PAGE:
Texas A&M Agrilife Extension Service Specialist Wizzie Brown has been opening up the worlds of insects – from acrobat ants to walkingsticks –for Texas Standard since the launch of this program in 2015. While she’s always solicited questions, now, she’s sharing the answers with everyone. First up, this one:
I recently listened to a discussion about how during this anthropocentric time, much of the rest of the animal world has adapted by doing their business at night. Can the same be said about insects? Meaning, is there evidence there was a time insects were more active during the day, but that changed when human activities’ negative impact forced insects to adjust their clocks?
(For those unfamiliar, anthropocentric essentially means that humans are the most important entity in the universe and everything else revolves around humans.)
Brown did some research on this and could not find any specific references or articles relating to this topic when it comes to insects. She shares the following, with the caveat that it is purely her opinion and thoughts. She welcomes disagreement.
So – are humans affecting the daytime activities of insects?
“I personally don’t think that we, as humans, have had a direct effect on insects changing their activity. Unless you want to talk about stuff that is maybe indoors and specifically related to us or even feeding on us,” Brown says.
Insects that regularly adjust to human activity:
“If you think about bedbugs, then they’re going to definitely change when their feeding habits are – dependent upon when people are sleeping. So most people sleep at night. And so those bedbugs are going to come out at night and they’re going to feed on humans while they’re sleeping. But there have been documented cases of people, like shift workers and stuff, that sleep during the day. And if they have bedbugs, those bedbugs actually switch their sleep or their activity to whenever that person is sleeping. So that can affect things, but they are a direct ectoparasite of us that require our blood for them to actually survive and reproduce and all of that stuff,” Brown says.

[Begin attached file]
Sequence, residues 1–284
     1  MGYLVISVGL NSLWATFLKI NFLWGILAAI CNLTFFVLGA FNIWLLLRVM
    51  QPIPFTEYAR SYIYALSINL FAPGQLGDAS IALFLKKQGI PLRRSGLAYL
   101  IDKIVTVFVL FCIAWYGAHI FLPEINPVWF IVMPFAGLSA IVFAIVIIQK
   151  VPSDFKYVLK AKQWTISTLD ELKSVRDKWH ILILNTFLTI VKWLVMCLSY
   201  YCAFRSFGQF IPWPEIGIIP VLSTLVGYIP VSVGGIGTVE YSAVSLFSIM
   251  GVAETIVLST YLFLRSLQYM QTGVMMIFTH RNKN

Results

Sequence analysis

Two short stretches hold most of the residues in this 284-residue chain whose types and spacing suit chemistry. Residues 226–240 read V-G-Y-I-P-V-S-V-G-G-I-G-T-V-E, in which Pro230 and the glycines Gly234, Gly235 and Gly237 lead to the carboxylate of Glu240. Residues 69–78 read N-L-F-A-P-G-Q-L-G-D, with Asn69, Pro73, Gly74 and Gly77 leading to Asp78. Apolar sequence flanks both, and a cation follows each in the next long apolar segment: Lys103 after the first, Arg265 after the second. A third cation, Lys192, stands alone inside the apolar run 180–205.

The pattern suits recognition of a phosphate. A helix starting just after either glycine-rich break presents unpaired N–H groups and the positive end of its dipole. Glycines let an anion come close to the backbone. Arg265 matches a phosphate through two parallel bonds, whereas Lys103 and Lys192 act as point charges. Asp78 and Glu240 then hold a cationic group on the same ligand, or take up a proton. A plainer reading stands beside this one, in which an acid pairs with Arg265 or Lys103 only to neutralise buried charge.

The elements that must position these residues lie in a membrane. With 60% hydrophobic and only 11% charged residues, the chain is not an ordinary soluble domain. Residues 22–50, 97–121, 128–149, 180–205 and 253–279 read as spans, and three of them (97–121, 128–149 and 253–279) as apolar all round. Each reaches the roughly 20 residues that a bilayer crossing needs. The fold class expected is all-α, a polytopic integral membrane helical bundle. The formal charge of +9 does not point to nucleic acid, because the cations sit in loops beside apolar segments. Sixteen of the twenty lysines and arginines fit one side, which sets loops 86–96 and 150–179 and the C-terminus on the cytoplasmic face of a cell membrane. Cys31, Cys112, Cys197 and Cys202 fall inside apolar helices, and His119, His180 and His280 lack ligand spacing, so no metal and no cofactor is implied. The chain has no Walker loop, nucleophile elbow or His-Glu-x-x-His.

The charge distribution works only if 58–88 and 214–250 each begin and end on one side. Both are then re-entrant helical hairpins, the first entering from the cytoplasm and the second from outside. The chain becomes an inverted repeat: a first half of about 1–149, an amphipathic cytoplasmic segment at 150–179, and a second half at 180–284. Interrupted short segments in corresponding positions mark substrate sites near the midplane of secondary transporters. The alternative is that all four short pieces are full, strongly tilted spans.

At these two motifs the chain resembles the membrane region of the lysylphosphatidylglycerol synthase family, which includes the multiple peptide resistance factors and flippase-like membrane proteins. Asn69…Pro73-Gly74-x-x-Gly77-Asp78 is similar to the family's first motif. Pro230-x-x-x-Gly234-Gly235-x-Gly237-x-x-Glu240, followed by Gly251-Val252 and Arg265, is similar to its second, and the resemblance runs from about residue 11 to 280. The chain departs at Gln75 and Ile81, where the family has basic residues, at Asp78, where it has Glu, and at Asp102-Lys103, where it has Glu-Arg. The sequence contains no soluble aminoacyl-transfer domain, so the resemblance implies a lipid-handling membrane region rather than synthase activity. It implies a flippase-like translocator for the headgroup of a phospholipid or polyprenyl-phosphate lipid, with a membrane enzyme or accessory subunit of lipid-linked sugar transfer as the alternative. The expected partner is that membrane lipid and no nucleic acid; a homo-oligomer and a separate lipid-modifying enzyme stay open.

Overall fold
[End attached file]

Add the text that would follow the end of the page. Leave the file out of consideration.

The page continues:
Insects with daytime habits:
“If we’re talking about just like general insects outside flying around, there are a huge number of insects that are diurnal, which essentially means that they are active in the daytime. So not all of the insects are nocturnal and active at night. If we think about pollinators, the majority of the insect pollinators are going to be active during the day because that is when the majority of those flowers are going to be open and accessible for those insects to get their nectar and pollen and other things that they require. But if we’re talking about nocturnal blooming flowers, a lot of those are pollinated by either bats or there are some nighttime flying moths, some of the hawk moths or sphinx moths that will actually feed on those particular flowers. So it’s really going to be dependent upon food resources,” Brown says.
Other factors affecting insect habits:
“Another thing that could certainly affect things is predation. If you’re thinking about insects and things that may eat them, then that could definitely change their behavior. So a lot of spiders are going to be nocturnal because they’re going to be avoiding being eaten by larger animals where they are coming out and actually hunting for animals as well at night. The other thing to take into consideration is all of the insects that live in the soil, and light really isn’t going to penetrate down in the soil. So it’s not really going to affect them one way or the other,” Brown says.
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